The basic principle of the generation of X-rays demands the following parts in the apparatus: a source of electrons, a target to impact the electrons, and a means of applying the potential difference between the cathode and the target which will accelerate the electrons to the appropriate velocity during the passage between the cathode and the target.

In the generation of X-rays, the gas tube, Coolidge tube, and Betatron are used. The Coolidge tube is an independent source of electrons. There is not enough gas present to enable the passage of the circuit. The tube has just 1 micrometer of Mercury. Electrons are emitted from a hot wire cathode.

The Cathode is a tungsten filament. A metal cup makes the electron beam narrow. When the higher energy electrons strike the target, there is a generation of X-rays. The whole system is surrounded by a coolant such as water. The cathode is surrounded by Molybdenum, which has the capacity to repel electrons.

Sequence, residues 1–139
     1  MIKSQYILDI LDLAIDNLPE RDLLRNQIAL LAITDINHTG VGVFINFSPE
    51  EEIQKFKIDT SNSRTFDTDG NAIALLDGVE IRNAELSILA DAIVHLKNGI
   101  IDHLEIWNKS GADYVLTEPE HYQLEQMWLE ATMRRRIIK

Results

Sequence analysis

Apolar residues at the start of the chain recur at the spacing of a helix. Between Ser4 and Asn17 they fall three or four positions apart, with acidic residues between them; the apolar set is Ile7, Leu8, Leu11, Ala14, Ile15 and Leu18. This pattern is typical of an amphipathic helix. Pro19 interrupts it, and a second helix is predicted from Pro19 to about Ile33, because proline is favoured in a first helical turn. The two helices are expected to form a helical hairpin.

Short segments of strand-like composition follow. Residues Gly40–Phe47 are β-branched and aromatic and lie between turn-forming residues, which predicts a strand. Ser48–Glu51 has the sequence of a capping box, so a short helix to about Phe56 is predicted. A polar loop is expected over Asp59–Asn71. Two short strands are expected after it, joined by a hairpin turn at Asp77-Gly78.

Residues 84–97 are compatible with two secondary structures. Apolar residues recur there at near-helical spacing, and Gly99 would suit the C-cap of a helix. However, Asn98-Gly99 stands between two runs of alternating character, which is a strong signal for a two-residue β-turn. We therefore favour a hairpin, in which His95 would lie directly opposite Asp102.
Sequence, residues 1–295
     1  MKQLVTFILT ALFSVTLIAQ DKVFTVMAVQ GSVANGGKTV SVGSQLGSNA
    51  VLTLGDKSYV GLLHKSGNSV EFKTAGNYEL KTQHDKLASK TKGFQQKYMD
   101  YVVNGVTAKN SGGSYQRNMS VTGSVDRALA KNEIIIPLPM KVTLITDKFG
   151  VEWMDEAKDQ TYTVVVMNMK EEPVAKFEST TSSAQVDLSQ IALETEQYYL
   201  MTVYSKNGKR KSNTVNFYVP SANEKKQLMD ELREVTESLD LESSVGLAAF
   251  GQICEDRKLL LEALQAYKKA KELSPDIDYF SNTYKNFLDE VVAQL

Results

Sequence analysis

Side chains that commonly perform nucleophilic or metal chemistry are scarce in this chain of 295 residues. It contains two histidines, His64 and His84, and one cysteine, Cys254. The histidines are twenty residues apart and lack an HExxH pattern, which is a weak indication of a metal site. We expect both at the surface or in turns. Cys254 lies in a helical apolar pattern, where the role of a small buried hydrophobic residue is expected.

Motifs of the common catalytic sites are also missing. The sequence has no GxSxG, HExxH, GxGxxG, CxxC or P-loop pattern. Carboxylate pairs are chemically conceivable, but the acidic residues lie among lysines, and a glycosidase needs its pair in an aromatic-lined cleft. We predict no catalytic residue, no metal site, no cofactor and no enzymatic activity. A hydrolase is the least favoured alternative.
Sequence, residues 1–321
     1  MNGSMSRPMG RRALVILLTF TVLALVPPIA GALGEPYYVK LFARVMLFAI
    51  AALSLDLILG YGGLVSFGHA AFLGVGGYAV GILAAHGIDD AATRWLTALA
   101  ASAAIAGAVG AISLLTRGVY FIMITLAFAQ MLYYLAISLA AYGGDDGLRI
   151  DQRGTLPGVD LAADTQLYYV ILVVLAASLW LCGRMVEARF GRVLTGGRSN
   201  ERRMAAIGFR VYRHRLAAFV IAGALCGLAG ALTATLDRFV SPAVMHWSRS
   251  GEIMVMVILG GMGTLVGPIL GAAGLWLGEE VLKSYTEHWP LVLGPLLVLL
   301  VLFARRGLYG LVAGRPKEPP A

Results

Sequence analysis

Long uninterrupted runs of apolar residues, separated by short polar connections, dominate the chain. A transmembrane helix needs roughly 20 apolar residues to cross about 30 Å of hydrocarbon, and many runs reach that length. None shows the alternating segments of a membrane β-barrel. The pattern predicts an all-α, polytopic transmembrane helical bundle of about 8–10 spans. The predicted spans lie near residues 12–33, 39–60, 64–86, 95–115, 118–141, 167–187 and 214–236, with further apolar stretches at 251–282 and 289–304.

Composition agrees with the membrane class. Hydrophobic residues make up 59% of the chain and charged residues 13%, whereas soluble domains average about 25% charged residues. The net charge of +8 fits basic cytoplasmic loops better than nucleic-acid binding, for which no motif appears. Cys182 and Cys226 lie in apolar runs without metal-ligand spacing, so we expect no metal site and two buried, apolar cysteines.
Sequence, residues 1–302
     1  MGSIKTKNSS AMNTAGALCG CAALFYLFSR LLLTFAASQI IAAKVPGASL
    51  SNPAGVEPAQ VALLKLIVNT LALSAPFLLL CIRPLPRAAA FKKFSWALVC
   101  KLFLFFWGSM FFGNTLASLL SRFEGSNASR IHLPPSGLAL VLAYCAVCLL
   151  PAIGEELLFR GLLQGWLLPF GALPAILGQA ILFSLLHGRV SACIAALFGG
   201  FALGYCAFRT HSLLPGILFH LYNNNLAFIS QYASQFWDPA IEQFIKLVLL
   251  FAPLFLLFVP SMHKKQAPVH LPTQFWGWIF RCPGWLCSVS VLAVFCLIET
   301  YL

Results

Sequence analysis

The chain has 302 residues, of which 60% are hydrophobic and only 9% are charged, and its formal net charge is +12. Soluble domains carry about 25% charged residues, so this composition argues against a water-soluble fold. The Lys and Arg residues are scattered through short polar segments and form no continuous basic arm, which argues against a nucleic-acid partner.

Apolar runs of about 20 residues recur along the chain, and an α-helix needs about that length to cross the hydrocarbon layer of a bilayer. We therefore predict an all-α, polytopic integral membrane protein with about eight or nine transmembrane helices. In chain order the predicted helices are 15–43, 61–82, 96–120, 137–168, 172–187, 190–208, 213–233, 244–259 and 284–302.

X-rays are produced in the target in the direction perpendicular to the electron beam. The kinetic energy of the electrons is emitted in the form of X-rays.


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X-ray Spectra

Continuous X-ray Spectra

The spectrum of X-rays is continuous it includes radiations of all possible levels from a lower limit to a higher limit continuously just like visible light. The production of X-rays involves electrons tracking the target material which is of a very high atomic number.